The Hawaii Department of Transportation is changing a policy after Janice “Lokelani” Keihanaikukauakahihuliheekahaunaele’s name was too long to fit on her state identification card and driver’s license. Presently, there’s a 35 character limit on state-issued identification cards, and the 36th letter of Keihanaikukauakahihuliheekahaunaele’s name is cut off, along with her first and middle names. By the end of the year, Hawaii plans to increase the number of characters allowed on ID’s.
Keihanaikukauakahihuliheekahaunaele said, “I have had phone calls all day today from all over the world calling me about this story. People are telling me about other people who have just learned about the story and seeing how long my name is. I’m not the only one. I hope that solves problems for other folks in the future.”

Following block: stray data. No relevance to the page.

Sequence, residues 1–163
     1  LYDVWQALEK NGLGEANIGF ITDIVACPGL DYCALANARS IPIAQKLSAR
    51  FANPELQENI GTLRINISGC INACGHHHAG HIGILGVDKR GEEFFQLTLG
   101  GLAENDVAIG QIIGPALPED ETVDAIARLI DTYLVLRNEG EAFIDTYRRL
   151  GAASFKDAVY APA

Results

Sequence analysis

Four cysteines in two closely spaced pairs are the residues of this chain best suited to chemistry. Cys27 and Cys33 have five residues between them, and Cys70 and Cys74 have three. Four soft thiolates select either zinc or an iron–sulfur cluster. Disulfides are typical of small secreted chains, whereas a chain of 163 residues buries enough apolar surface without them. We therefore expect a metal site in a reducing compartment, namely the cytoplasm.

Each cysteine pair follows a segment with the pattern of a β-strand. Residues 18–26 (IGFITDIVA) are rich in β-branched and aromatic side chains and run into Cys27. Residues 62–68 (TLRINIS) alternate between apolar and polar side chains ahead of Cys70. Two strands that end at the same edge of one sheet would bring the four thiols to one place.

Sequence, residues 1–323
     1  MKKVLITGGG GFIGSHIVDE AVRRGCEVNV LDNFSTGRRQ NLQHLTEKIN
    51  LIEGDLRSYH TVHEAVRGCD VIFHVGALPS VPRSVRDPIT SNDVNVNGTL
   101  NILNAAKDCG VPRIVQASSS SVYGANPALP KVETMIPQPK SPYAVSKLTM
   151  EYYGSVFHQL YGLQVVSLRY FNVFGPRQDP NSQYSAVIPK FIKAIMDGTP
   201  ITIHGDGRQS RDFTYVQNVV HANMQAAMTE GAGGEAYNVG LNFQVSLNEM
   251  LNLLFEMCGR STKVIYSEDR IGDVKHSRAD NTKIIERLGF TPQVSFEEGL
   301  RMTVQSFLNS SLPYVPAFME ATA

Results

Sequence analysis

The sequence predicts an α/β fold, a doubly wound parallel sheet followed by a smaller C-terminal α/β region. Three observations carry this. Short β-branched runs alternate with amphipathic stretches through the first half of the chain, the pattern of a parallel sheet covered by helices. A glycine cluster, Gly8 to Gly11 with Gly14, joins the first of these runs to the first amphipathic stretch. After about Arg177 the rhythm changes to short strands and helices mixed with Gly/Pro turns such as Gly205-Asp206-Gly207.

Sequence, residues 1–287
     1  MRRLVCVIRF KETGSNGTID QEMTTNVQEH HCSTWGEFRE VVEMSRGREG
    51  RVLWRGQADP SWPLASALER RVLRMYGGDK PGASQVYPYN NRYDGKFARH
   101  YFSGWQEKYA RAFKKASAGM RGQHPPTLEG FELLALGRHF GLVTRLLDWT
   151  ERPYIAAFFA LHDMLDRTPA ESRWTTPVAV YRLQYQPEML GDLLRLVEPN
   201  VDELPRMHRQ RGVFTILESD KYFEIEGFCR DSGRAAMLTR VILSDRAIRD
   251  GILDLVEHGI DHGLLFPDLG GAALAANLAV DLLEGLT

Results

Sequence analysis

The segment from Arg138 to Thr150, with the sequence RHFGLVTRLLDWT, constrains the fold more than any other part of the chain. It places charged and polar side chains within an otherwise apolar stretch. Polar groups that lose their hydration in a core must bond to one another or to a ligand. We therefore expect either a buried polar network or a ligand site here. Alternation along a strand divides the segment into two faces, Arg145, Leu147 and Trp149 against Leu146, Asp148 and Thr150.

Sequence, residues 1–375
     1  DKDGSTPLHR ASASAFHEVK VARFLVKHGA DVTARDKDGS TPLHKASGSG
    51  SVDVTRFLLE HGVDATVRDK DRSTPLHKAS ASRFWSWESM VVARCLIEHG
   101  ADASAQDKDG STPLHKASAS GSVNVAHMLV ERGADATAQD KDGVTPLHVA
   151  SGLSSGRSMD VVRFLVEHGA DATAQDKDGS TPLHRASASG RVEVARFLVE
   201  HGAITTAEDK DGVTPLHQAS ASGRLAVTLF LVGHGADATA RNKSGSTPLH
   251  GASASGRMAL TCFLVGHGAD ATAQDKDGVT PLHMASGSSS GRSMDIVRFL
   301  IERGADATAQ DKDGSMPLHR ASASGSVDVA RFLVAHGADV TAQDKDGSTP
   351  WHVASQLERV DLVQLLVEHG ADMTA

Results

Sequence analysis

Traditionally, surnames didn’t exist in old Hawaii. Genuine Hawaiian names are unisex, and typically have a clear, literal meaning. For example, “Keanu” means cool mountain breeze. Though, in 1860 King Kamehameha IV signed the Act to Regulate Names. Henceforth, Hawaiians user their father’s first name as their surname, and all babies born had to be given Christian (English) first names. Their given Hawaiian names served as their middle names. This law was repealed in 1967.
In an email, Keihanaikukauakahihuliheekahaunaele wrote, “You see, to some people in the world, your name is everything. If I say my name to an elder Hawaiian, they know everything about my husband’s family going back many generations … just from the name.”
The Hawaii DOT will soon allow 40 characters for the first name, 40 characters for the last name, 35 characters for the middle name, and 5 characters for any suffix.